In Jackie, Natalie Portman Gives Jacqueline Kennedy Onassis Everything She’s Got | Film Review | Indy Week

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In Jackie, Natalie Portman Gives Jacqueline Kennedy Onassis Everything She’s Got

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Life magazine's famous interview with Jacqueline Kennedy Onassis, a week after President John Kennedy's assassination in 1963, serves as a framing device in Jackie, director Pablo Larraín's biopic. It seems to promise to portray a strong, independent woman, derided and underestimated by her critics as "some silly little debutante," as Natalie Portman, playing Kennedy, sputters. But the film keeps her locked into her husband's orbit, from the White House to his death. There's nothing of her life before or after Camelot, and ultimately, Jackie presents a woman without agency.

Between Kennedy doggedly trying to steer the Life interviewer's first draft of history and the creation of the Camelot mythology, flashbacks chronicle the hours before and days after her husband's death in Dallas, Texas. As docudrama, it's a potent, surreal portrait of grief. An elegant first lady becomes a blood-spattered widow at the speed of a rifle shot, and the wheels of government grind on with uncharitable inevitability. Lyndon Johnson takes the oath of office on the plane back from Dallas; Lady Bird Johnson measures new drapes before Kennedy has moved out of the White House. Meanwhile, Kennedy harangues everyone from Jack Valenti (Max Casella) to Bobby Kennedy (Peter Sarsgaard) about a grand funeral procession to seal her husband's legacy.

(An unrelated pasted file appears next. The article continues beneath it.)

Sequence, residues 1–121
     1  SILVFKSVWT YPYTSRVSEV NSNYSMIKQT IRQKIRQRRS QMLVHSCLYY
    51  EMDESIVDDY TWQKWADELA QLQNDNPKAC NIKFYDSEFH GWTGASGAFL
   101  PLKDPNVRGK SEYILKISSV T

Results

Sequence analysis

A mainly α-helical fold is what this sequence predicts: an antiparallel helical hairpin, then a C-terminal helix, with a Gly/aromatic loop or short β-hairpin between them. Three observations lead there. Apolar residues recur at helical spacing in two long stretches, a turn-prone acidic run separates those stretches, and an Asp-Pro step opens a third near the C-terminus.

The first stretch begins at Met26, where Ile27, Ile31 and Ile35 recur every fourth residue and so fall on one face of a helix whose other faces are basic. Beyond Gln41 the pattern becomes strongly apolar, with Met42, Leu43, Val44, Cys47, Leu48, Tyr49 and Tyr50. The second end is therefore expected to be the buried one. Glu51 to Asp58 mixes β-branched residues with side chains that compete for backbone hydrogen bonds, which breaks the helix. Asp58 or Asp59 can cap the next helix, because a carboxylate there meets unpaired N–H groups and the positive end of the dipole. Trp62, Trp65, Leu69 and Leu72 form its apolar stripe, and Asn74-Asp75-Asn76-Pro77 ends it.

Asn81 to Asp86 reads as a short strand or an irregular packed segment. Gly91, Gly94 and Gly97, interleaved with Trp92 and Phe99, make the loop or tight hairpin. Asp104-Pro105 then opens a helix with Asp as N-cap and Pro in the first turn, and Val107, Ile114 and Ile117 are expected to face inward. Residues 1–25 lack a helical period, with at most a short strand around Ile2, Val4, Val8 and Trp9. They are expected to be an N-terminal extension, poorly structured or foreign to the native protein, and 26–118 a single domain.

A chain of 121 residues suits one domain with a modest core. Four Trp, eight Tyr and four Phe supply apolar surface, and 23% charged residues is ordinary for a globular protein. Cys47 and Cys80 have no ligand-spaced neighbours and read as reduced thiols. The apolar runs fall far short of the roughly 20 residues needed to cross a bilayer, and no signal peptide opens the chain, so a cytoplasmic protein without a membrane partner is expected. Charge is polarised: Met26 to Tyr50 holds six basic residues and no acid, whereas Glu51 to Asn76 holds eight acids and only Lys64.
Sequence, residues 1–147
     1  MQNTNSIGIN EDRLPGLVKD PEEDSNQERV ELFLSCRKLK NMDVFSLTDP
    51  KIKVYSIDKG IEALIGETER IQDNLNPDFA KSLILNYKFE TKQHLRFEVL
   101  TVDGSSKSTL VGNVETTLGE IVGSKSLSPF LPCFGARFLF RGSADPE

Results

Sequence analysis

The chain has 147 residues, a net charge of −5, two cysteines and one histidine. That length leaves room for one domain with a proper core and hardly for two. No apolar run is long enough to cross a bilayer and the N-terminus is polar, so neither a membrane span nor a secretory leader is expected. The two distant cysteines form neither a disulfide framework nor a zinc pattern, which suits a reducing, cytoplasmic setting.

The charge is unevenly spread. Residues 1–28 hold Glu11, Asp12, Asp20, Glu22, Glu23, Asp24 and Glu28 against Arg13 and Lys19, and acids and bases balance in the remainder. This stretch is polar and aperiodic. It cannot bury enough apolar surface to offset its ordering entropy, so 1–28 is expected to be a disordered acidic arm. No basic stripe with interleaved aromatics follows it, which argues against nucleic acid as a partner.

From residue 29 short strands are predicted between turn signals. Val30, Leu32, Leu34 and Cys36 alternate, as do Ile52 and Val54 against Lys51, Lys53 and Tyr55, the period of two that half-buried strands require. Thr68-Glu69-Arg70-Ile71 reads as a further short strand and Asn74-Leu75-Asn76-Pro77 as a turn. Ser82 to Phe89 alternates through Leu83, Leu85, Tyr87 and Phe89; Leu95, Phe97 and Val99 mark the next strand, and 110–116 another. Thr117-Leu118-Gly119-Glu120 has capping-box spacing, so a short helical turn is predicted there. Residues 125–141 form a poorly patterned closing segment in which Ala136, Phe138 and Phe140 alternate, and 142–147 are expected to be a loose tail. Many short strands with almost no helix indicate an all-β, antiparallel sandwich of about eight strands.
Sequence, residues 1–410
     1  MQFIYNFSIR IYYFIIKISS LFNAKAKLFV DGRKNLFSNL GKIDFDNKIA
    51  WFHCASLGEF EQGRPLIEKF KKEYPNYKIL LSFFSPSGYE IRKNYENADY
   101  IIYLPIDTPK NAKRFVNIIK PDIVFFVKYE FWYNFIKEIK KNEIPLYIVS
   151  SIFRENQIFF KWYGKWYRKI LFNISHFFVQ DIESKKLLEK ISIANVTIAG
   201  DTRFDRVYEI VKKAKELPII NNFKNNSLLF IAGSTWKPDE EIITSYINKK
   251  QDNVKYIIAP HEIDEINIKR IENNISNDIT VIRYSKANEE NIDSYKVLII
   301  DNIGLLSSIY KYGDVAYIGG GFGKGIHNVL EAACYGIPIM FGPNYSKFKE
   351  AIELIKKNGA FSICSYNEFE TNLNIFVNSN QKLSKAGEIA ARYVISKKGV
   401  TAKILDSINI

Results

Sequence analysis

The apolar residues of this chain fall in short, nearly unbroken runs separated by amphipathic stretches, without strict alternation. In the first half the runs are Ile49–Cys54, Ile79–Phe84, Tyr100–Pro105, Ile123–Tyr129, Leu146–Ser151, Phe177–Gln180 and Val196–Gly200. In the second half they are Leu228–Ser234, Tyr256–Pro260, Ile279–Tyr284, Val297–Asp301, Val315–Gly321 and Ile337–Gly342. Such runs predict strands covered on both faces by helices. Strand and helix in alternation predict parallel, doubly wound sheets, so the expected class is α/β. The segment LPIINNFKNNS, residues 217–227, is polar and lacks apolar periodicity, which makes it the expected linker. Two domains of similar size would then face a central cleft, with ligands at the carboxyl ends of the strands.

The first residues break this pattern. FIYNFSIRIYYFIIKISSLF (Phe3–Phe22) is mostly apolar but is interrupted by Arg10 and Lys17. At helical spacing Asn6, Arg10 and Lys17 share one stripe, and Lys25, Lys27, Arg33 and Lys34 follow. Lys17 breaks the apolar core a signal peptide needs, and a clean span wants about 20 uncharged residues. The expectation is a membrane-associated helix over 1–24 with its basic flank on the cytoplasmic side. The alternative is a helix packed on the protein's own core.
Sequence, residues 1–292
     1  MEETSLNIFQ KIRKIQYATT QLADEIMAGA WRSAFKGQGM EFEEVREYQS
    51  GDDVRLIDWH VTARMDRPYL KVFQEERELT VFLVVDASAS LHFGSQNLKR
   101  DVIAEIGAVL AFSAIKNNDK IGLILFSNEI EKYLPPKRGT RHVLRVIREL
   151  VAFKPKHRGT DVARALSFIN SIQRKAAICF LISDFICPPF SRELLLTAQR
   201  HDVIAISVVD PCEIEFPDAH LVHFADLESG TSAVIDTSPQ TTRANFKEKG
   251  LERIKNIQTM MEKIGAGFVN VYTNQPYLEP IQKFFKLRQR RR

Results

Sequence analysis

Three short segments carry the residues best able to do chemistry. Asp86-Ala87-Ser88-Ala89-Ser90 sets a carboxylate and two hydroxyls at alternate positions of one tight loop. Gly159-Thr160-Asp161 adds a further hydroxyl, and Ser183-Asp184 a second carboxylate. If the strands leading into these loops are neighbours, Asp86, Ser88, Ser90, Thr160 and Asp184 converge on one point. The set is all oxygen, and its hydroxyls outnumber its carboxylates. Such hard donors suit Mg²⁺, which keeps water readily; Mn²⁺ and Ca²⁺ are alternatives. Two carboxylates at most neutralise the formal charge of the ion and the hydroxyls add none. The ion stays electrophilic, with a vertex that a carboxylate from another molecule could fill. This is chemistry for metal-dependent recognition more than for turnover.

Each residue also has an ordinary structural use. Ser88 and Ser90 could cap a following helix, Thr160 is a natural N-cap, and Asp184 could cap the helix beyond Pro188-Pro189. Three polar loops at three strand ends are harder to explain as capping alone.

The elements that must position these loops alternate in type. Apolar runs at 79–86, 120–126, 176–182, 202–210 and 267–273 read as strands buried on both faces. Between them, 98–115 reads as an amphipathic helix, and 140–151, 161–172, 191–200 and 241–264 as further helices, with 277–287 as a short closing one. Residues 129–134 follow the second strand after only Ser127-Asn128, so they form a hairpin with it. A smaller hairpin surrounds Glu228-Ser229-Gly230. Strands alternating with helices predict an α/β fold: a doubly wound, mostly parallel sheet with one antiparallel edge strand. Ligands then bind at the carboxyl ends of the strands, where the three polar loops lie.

"We have to get this right, Bobby," Kennedy intones, emblematic of the vapid script. Still, Portman nails her performance, from her patrician mid-Atlantic accent to her heart-wrenching anguish, disbelief, and poise. But the rest of the cast is unmemorable, if not outright awful. Sarsgaard is the least convincing RFK ever. John Carroll Lynch looks nothing like LBJ. And while Dutch actor Caspar Phillipson bears a passing resemblance to JFK, all his lines are given to real-life audio of the former president. Songs from the Lerner and Loewe musical Camelot are meant as the iconic coda to an era of lost innocence and historical mythmaking, but it's unearned by the film's limited scope and execution.

This article appeared in print with the headline "Jackie."

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